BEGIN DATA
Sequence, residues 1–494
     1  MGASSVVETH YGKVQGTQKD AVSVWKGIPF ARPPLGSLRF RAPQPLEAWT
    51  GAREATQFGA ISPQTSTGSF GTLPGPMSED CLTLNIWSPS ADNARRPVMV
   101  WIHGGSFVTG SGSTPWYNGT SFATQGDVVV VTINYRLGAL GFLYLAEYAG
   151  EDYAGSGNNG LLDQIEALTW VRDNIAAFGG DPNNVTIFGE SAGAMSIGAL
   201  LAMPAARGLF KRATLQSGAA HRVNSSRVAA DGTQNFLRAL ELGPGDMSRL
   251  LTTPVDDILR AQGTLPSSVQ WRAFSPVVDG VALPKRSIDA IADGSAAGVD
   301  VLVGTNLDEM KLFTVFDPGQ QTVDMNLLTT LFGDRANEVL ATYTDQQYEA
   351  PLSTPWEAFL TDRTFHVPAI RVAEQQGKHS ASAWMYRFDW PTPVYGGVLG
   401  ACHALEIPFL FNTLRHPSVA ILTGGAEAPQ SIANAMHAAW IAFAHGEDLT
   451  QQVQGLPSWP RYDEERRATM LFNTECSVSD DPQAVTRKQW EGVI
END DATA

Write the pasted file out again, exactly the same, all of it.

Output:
Sequence, residues 1–494
     1  MGASSVVETH YGKVQGTQKD AVSVWKGIPF ARPPLGSLRF RAPQPLEAWT
    51  GAREATQFGA ISPQTSTGSF GTLPGPMSED CLTLNIWSPS ADNARRPVMV
   101  WIHGGSFVTG SGSTPWYNGT SFATQGDVVV VTINYRLGAL GFLYLAEYAG
   151  EDYAGSGNNG LLDQIEALTW VRDNIAAFGG DPNNVTIFGE SAGAMSIGAL
   201  LAMPAARGLF KRATLQSGAA HRVNSSRVAA DGTQNFLRAL ELGPGDMSRL
   251  LTTPVDDILR AQGTLPSSVQ WRAFSPVVDG VALPKRSIDA IADGSAAGVD
   301  VLVGTNLDEM KLFTVFDPGQ QTVDMNLLTT LFGDRANEVL ATYTDQQYEA
   351  PLSTPWEAFL TDRTFHVPAI RVAEQQGKHS ASAWMYRFDW PTPVYGGVLG
   401  ACHALEIPFL FNTLRHPSVA ILTGGAEAPQ SIANAMHAAW IAFAHGEDLT
   451  QQVQGLPSWP RYDEERRATM LFNTECSVSD DPQAVTRKQW EGVI